Implantation of Gliadel® wafers in the treatment of newly diagnosed HGG has consistently shown an improvement in OS. Combining local chemotherapy with TMZ seems attractive and it potentially adds a survival benefit. However, the risk of increased toxicity should be carefully minded as some AEs seem more common. Additional studies are required to carefully establish whether Gliadel® with the association of TMZ is well tolerated and extends the OS.

Financial support and sponsorship

Nil.

Conflicts of interest

There are no conflicts of interest.



 
  References Top

1.
Valtonen S, Timonen U, Toivanen P, Kalimo H, Kivipelto L, Heiskanen O, et al. Interstitial chemotherapy with carmustine-loaded polymers for high-grade gliomas: A randomized double-blind study. Neurosurgery 1997;41:44-8.  Back to cited text no. 1
    
2.
Westphal M, Hilt DC, Bortey E, Delavault P, Olivares R, Warnke PC, et al. A phase 3 trial of local chemotherapy with biodegradable carmustine (BCNU) wafers (Gliadel wafers) in patients with primary malignant glioma. Neuro Oncol 2003;5:79-88.  Back to cited text no. 2
    
3.
Chowdhary SA, Ryken T, Newton HB. Survival outcomes and safety of carmustine wafers in the treatment of high-grade gliomas: A meta-analysis. J Neurooncol 2015;122:367-82.  Back to cited text no. 3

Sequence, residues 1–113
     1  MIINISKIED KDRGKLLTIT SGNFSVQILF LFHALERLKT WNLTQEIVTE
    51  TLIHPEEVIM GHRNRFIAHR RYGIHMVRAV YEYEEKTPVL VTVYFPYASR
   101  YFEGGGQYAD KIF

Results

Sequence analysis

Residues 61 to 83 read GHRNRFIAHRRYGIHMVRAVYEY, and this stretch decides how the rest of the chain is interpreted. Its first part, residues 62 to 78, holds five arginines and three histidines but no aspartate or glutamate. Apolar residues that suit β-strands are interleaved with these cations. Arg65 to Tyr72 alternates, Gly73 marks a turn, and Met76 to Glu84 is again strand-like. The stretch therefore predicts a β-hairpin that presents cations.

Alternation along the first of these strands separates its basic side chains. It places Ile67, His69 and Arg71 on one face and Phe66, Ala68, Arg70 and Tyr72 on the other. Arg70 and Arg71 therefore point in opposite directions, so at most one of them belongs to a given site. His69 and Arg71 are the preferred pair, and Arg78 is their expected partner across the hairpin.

4.
Perry J, Chambers A, Spithoff K, Laperriere N. Gliadel wafers in the treatment of malignant glioma: A systematic review. Curr Oncol 2007;14:189-94.  Back to cited text no. 4
    
5.
Hart MG, Grant R, Garside R, Rogers G, Somerville M, Stein K. Chemotherapy wafers for high grade glioma. Cochrane Database Syst Rev 2011;(3):CD007294.  Back to cited text no. 5
    
6.
Bock HC, Puchner MJ, Lohmann F, Schütze M, Koll S, Ketter R, et al. First-line treatment of malignant glioma with carmustine implants followed by concomitant radiochemotherapy: A multicenter experience. Neurosurg Rev 2010;33:441-9.  Back to cited text no. 6
    
7.
De Bonis P, Anile C, Pompucci A, Fiorentino A, Balducci M, Chiesa S, et al. Safety and efficacy of Gliadel wafers for newly diagnosed and recurrent glioblastoma. Acta Neurochir (Wien) 2012;154:1371-8.  Back to cited text no. 7
    
8.
Menei P, Metellus P, Parot-Schinkel E, Loiseau H, Capelle L, Jacquet G, et al. Biodegradable carmustine wafers (Gliadel) alone or in combination with chemoradiotherapy: The French experience. Ann Surg Oncol 2010;17:1740-6.  Back to cited text no. 8
    
9.
Stupp R, Hegi ME, Mason WP, van den Bent MJ, Taphoorn MJ, Janzer RC, et al. Effects of radiotherapy with concomitant and adjuvant temozolomide versus radiotherapy alone on survival in glioblastoma in a randomised phase III study: 5-year analysis of the EORTC-NCIC trial. Lancet Oncol 2009;10:459-66.  Back to cited text no. 9
    
10.
Kleinberg L. Polifeprosan 20, 3.85% carmustine slow-release wafer in malignant glioma: Evidence for role in era of standard adjuvant temozolomide. Core Evid 2012;7:115-30.  Back to cited text no. 10
    
11.
Ashby LS, Ryken TC. Management of malignant glioma: Steady progress with multimodal approaches. Neurosurg Focus 2006;20:E3.  Back to cited text no. 11
    


    Figures

  [Figure 1], [Figure 2], [Figure 3]